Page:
Cubs

Cubs GM Hoyer putting pieces of the puzzle together

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Cubs GM Hoyer putting pieces of the puzzle together

Its getting harder to see the Cubs making any made-for-TV moments or generating much controversy this winter, which is exactly how this front office likes to operate.

For all the marketing and image-making that will take place when the Cubs Convention opens on Friday at the Sheraton Chicago Hotel & Towers, general manager Jed Hoyer is going to stick with the disciplined plan.

It really doesnt sound like the Cubs are going to pull out a surprise and sign outfielder Michael Bourn, who would cost them their second-round draft pick and part of their signing-bonus pool. Nor are they actively looking to add another closer-type into the ninth-inning mix.

One year ago, the Cubs were locked in a standoff with a franchise icon, while their All-Star shortstop had to deny sexual assault allegations. The new executives who had generated so much buzz were still feeling out the fans, the media and the leftover employees in the front office.

No one knew if Anthony Rizzo was going to be a total bust or a superstar, or if Jeff Samardzija could back up all that talk about being a starter. Even if there are no definitive answers yet, the Cubs are in a different place now: Year 2 of their rebuilding project.

Kerry Wood is not walking through that door.

Roughly 90 minutes after team president Theo Epstein said that you cant make baseball decisions based on public relations, the Cubs announced their new deal with Wood, who magically appeared on the balcony at last years convention and soaked in all the cheers inside a hotel ballroom.

Starlin Castro who was wanted for questioning last January now has generational wealth and the security of a contract that could keep him on the North Side through 2020.

The Cubs showed they were willing to spend money on the right players. They certainly had their reasons for pursuing Anibal Sanchez who turned down a five-year, 77.5 million offer and returned to the Detroit Tigers and signing Edwin Jackson to a four-year, 52 million deal.

But it also didnt hurt that those upside pitchers on the right side of 30 werent attached to the one-year, 13.3 million qualifying offers made under the new collective bargaining agreement. That was central to the offseason plan of attack.

We talked about all the free agents, Hoyer said on Chicago Baseball Hot Stove on Tuesday. Where we are as an organization, we want as many draft picks as possible. We want as much money in the draft as possible. So we would have given up a pick, theoretically, for the right player, the right fit.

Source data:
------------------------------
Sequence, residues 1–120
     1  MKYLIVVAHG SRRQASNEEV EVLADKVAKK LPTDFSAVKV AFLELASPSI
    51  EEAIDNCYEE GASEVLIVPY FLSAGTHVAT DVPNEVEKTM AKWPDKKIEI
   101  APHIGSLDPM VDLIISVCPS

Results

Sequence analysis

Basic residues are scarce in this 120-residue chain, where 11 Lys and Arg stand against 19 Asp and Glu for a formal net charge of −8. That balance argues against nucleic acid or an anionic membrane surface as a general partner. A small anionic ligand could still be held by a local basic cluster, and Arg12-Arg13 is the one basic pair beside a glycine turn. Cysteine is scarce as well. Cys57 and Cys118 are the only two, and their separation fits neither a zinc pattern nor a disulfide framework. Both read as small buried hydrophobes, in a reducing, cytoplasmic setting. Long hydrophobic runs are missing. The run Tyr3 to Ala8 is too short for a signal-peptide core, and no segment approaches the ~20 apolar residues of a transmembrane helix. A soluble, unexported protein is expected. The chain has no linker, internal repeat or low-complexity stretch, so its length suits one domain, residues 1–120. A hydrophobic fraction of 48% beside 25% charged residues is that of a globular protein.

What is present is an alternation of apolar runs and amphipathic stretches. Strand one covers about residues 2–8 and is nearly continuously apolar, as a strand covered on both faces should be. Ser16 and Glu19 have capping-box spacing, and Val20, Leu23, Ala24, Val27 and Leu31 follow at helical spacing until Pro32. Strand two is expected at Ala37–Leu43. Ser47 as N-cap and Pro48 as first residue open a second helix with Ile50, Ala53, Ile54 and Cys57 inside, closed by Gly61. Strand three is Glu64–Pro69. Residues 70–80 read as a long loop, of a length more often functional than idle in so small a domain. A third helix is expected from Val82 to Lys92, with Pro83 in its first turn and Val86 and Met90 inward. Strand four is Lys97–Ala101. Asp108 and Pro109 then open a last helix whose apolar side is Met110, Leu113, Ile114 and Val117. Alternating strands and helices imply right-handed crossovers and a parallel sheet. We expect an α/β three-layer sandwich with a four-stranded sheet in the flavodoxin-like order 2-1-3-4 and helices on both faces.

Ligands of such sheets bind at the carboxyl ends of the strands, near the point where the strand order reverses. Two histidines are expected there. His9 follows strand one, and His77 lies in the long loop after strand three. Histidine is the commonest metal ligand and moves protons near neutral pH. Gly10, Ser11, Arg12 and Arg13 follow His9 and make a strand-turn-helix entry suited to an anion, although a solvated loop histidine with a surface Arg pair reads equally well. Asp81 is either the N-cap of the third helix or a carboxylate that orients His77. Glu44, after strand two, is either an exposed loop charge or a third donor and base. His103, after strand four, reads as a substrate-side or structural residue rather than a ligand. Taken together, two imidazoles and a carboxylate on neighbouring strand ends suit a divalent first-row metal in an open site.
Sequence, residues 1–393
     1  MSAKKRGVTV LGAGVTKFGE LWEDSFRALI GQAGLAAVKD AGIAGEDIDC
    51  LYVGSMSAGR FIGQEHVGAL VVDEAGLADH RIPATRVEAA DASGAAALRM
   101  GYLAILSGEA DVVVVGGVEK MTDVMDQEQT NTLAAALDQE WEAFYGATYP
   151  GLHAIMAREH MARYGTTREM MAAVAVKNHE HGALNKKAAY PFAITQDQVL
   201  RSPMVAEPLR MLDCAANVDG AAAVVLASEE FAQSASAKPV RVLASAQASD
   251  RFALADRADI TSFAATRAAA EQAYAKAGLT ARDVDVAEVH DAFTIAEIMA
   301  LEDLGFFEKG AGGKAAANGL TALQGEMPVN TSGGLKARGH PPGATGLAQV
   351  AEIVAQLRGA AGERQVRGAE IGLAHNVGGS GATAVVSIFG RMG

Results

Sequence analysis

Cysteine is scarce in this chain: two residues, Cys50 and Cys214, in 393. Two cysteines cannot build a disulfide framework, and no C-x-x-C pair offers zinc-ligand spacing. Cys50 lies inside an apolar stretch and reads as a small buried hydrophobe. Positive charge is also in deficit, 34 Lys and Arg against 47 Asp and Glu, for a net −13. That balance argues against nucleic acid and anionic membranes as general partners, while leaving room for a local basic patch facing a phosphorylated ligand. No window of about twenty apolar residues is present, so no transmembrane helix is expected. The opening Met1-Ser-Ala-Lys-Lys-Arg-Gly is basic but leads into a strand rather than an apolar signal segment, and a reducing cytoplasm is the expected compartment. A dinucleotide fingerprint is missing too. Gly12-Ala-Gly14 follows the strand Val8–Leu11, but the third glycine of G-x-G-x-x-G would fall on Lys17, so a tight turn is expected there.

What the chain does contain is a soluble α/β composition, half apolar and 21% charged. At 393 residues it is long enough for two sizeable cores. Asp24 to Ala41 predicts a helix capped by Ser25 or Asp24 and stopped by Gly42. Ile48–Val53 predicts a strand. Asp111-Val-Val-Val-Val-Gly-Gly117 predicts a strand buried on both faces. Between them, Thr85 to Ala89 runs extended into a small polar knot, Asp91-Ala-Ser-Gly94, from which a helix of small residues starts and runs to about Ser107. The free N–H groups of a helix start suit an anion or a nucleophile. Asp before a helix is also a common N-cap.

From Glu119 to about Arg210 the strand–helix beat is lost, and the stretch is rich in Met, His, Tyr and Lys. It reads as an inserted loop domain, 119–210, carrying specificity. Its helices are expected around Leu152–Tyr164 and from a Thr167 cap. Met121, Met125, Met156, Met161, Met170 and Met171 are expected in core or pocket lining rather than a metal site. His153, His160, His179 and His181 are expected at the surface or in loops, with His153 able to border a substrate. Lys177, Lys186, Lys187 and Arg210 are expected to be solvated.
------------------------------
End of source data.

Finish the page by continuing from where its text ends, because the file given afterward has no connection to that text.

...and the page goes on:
And we will going forward. But right now, I think holding onto our picks is something that makes sense and were looking to build as much talent in the minor leagues as possible. We need a lot going forward.

While Bourn and pitcher Kyle Lohse sit on the market, super-agent Scott Boras sold the Washington Nationals on another one of his high-profile clients. Rafael Soriano got a reported two-year, 28 million deal on Tuesday to close for a team with World Series ambitions.

There are still interesting names left Brian Wilson, Jose Valverde, Francisco Rodriguez and Matt Capps to name a few though Hoyer said its unlikely the Cubs would add another late-inning reliever with experience as a closer to compete with Carlos Marmol and Kyuji Fujikawa.

Well probably go forward with what we have now, Hoyer said. Of course, if theres just a bargain or a player that we feel like is at an incredible price we might add him. But at this point, we feel really good. There also is a point at which were full on the roster were taking a spot away from somebody. We really do like the way our bullpen and our rotation fit together now.

That puzzle should include Matt Garza, who wished Marmol good luck in November when it looked like the closer would be traded to the Los Angeles Angels before the Dan Haren deal fell apart. Garza whos recovering from a stress reaction in his right elbow is throwing from about 150 feet out and progressing toward working off the mound.

Right now, hes following the normal pitching progression, Hoyer said. He feels really good and we dont see any reason hes going to be restricted going into spring training. At this point, hes gotten over some of those early hurdles in the rehab and we feel like hes just going to be a normal pitcher, a healthy guy in spring training ready to go. Hes excited. I always joke: You can see how hes doing. He talks about it on Twitter all the time.

Like Garza, Alfonso Soriano will have to answer questions about the trade rumors this weekend, though only one player has the power to accept or reject any potential deal. The Cubs were said to be in tire-kicking mode at the winter meetings, and the Philadelphia Phillies were rumored to be one team that might be a fit, given their need for a power bat in the outfield.

Soriano who once considered Philadelphia before signing his 136 million megadeal with the Cubs likes the idea of playing in a big market for a contender on the East Coast and has no-trade rights. Hes scheduled to attend the convention and should get an audience with the front office.